How much does your smart home know about you? That was the question that Charles Givre, a data scientist at Booz Allen Hamilton, set out to answer in a recent experiment. Givre has an account on Wink, a platform designed to control, from a single screen, his Internet-connected home devices, such as door locks, window shades and LED lights. He wanted to learn what could be learned from his usage behavior. It turned out it was a little too much.
Earlier this month, at a big data conference in New York, Givre presented his results. By accessing his Wink account, he (or anyone with his login information) could identify his social media accounts, the names of his devices (like “Charles’s iPad) and his network information. An app that monitors his grill’s propane tank recorded the tank’s latitude and longitude, thus revealing the exact location of his house. From his Nest thermostat, he could figure out when his house was occupied and when it was not.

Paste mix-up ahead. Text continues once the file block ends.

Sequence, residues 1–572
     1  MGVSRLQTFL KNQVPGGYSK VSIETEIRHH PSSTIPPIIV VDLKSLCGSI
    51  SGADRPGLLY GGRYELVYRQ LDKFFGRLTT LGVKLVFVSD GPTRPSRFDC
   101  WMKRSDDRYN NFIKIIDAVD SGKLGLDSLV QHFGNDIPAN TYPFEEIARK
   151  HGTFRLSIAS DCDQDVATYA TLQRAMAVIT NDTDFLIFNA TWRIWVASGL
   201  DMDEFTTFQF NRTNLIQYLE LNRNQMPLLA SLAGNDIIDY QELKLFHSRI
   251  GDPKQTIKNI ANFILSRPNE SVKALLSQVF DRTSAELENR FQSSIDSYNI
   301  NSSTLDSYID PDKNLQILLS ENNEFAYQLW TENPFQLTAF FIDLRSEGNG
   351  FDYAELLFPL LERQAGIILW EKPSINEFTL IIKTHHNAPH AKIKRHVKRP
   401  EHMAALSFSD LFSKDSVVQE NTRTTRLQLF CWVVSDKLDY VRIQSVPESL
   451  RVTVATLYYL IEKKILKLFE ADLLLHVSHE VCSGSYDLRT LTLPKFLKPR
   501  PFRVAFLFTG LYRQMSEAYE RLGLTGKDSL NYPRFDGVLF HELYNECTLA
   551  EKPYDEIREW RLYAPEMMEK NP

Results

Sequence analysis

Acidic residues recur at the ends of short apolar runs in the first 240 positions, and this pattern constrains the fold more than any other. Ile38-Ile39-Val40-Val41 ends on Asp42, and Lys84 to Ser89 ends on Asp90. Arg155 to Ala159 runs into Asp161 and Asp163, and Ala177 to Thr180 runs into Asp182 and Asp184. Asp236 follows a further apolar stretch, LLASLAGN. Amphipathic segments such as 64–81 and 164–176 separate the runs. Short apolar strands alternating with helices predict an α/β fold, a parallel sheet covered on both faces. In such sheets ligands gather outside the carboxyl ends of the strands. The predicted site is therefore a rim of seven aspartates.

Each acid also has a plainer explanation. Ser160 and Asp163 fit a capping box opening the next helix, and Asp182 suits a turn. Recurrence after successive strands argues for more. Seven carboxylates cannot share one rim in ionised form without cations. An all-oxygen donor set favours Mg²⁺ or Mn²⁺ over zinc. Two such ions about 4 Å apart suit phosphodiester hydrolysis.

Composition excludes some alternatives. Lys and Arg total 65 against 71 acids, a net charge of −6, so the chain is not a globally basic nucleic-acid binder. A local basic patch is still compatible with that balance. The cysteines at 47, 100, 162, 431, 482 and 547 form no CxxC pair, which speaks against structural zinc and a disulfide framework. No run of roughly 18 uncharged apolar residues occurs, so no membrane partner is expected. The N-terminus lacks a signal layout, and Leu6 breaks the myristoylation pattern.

The goal of his experiment, Givre said, was not to demonstrate security flaws in his devices, but to document the wealth of information that they amass through everyday use. To access his usage history, some accounts required verification keys; others only asked for Givre’s email address and password. He wrote programs to “ping” his devices to gather new information about what was going on in his home in real time, and to find patterns there. He noted that his smart devices seemed to transmit information securely on its way to the companies’ servers, “but most of the interesting stuff was in the cloud anyway.”
As the trend toward networked “smart homes” and “connected cars” continues, security precautions are more important than ever. The Federal Trade Commission put out a report this year with best practices about how companies should notify their customers about data retention. Device makers say that customers can opt in or out of sharing their personal information with developers and third-party apps. But customers may not always be aware of just how much information their devices are collecting about them in the first place. (Read more from “Your Smart Home Knows a Lot About You” HERE)